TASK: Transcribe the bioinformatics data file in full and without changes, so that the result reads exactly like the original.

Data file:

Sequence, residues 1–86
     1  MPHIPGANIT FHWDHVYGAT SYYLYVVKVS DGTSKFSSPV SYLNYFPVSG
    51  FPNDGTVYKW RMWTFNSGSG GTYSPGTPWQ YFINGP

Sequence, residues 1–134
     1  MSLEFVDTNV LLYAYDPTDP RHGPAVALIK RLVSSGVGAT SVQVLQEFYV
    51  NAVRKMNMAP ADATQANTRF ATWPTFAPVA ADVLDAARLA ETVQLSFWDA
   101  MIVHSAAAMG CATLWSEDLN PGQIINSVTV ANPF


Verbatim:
Sequence, residues 1–86
     1  MPHIPGANIT FHWDHVYGAT SYYLYVVKVS DGTSKFSSPV SYLNYFPVSG
    51  FPNDGTVYKW RMWTFNSGSG GTYSPGTPWQ YFINGP

Sequence, residues 1–134
     1  MSLEFVDTNV LLYAYDPTDP RHGPAVALIK RLVSSGVGAT SVQVLQEFYV
    51  NAVRKMNMAP ADATQANTRF ATWPTFAPVA ADVLDAARLA ETVQLSFWDA
   101  MIVHSAAAMG CATLWSEDLN PGQIINSVTV ANPF